COVID-19 emergency guidelines


Coronavirus: safety protocols in the dental practice

The role of dentists and dental operators in preventing the spread of Coronavirus

The COVID-19 virus first appeared in the Chinese province of Hubei and spread gradually, its impact has now reached global level and has become the number one issue for all media.

During this “Coronavirus emergency”, the question of biosafety has become a priority, so an adequate, careful application of protocols takes on an essential role in the activities carried out in dental practices.

What are the guidelines to be followed?


  1. Fairness: treat all patients equally
  2. Compliance with basic hygiene rules: wash your hands at the beginning of the day and between each patient. Do not wear nail polish, as it leaves recesses that can harbour micro-organisms. Nails should be well cut. Take off jewellery and watches that you’ll take home later.
  3. Use of personal protective equipment:
    • Gown with simple designs, if possible with long sleeves.
    • Disposable caps.
    • Latex or nitrile gloves, to be changed every 15-30 minutes, since they lose their barrier effect. Obviously, they must be changed after each patient, or if they break.
    • Masks of type II or IIR. They must be changed for each patient, and never stored in your pocket or placed near your neck (they will be contaminated with fluids from the patient). If they get wet, they lose their barrier effect, so they must be changed.
    • Always wear safety glasses. The eyes are an open wound, so it is mandatory to protect them. Use of visors instead of glasses increases protection and avoids splashing your face mask (even though this must still be changed).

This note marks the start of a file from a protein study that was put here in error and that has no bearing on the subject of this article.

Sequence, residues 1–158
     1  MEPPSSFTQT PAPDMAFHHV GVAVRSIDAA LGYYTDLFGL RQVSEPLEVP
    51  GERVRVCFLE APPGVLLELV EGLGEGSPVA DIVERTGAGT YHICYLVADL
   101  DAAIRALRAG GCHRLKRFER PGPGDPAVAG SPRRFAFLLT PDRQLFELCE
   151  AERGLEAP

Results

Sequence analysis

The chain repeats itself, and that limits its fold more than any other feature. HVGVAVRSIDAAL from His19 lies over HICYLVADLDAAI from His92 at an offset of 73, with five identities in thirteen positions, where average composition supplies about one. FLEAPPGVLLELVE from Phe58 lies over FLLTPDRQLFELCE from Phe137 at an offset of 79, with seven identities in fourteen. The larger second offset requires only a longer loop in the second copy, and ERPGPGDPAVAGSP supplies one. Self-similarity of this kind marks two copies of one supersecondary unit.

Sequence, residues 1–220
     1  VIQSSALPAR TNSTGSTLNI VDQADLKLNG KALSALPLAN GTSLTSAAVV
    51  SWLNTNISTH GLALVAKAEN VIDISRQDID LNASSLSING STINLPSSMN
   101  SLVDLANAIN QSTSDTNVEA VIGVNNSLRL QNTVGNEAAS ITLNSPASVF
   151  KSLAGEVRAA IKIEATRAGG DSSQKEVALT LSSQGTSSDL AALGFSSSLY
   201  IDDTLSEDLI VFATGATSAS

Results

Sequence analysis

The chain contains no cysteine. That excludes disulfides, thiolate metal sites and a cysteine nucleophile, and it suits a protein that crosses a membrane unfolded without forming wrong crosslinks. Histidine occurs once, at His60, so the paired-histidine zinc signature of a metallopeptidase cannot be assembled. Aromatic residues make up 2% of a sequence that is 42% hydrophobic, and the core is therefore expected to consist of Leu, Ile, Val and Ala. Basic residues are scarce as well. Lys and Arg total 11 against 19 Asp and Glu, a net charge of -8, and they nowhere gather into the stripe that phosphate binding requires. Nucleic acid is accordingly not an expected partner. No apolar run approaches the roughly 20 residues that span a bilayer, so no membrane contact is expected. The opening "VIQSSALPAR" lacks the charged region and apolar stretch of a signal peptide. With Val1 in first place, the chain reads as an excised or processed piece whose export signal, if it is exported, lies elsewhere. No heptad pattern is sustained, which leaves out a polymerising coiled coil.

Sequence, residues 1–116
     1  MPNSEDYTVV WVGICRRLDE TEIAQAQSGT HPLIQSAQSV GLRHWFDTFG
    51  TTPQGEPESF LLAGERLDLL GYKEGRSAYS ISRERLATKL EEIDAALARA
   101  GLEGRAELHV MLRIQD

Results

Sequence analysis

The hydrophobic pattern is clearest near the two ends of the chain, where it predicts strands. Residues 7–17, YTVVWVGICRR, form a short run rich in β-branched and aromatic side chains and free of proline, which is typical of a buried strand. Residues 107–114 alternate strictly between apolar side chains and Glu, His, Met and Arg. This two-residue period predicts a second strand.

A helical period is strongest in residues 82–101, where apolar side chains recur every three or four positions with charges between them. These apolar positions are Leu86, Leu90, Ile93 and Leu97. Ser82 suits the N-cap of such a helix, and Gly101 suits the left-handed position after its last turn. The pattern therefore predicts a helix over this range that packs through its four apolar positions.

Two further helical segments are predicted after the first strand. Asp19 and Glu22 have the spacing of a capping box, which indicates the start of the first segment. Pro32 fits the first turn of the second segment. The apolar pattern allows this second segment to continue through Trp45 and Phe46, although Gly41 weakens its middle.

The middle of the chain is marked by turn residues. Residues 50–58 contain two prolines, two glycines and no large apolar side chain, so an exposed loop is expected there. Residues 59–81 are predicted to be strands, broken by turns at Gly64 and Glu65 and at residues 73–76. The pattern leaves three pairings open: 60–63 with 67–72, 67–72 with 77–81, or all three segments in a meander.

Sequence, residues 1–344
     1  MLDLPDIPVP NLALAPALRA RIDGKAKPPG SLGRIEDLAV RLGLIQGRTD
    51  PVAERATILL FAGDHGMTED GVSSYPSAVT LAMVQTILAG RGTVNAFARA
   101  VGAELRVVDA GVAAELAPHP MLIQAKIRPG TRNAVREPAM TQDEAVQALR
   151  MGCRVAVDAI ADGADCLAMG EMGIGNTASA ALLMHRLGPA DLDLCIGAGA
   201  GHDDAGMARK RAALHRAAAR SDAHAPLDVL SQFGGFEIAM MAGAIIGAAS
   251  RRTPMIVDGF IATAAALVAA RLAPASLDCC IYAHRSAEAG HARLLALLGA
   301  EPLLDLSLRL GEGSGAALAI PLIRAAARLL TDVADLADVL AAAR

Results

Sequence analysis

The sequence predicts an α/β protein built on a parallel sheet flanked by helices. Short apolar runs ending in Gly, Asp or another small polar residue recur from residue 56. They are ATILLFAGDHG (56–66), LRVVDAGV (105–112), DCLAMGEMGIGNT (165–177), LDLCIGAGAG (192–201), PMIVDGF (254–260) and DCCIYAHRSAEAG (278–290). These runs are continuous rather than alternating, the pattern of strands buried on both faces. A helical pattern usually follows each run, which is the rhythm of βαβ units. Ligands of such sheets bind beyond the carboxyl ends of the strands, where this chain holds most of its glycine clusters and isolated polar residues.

4. Use a rubber dam to avoid the water nebulised from the turbine mixing with the saliva of the patient.
  5. Scrupulously follow the sterilisation process:
    • Use appropriate Personal Protective Equipment (clothing, cap, glasses, plastic apron and special thick gloves over latex gloves).
    • Immerse instruments in disinfectant immediately after use. Check that the disinfectant product meets all requirements of an effective disinfectant and respect concentrations, time and temperature recommended by the manufacturer.
    • Follow good washing practices. Always immerse material to avoid contaminated aerosols.  Whenever possible, use a covered ultrasonic tank (avoid handling instruments and aerosols in the atmosphere). A thermodisinfector is the best solution, as the instruments go directly from the mouth of the patient into the machine and come out clean, dry and thermo-disinfected with hardly any handling by staff.
    • Make sure instruments are dried thoroughly. Apart from damaging them, leaving moisture on instruments may invalidate the sterilisation process.
    • Bag and seal correctly. Fill ¾ of the bag, leaving 3 cm to the seal edge and cut the bag to 1 cm. Mark the bag with the date it was sealed if the sealer does not have an automatic tracking system.
    • Sterilise in a type B autoclave. Do not stack pouches, and do not let them stick to the walls of the autoclave, so that the vapour can circulate.
    • Check the chemical indicators on each pouch, perform a Helix test daily and a spore test weekly.
  6. Protect surfaces in the practice as much as possible, using disposable material (drapes on counter tops, barrier film over handles, dental chair covers, radiography machine covers, etc.)
  7. Thoroughly clean the dental chair with a surface disinfectant after removing the protective films. Always perform these steps in the same order. Bleach is used for counter tops and furniture, as well as for cleaning floors. Always start with the cleanest equipment and progress to the most contaminated.
  8. Ventilate the room whenever possible, including the waiting room.

We hope these guidelines will be of use to you. These are fundamental rules, valid not only for the coronavirus, and should accompany medical staff and operators in their daily activities, with or without the Coronavirus emergency.

Article by Dr. Gema Maeso, specialist in preventive and community dentistry.  European Board in periodontics certified.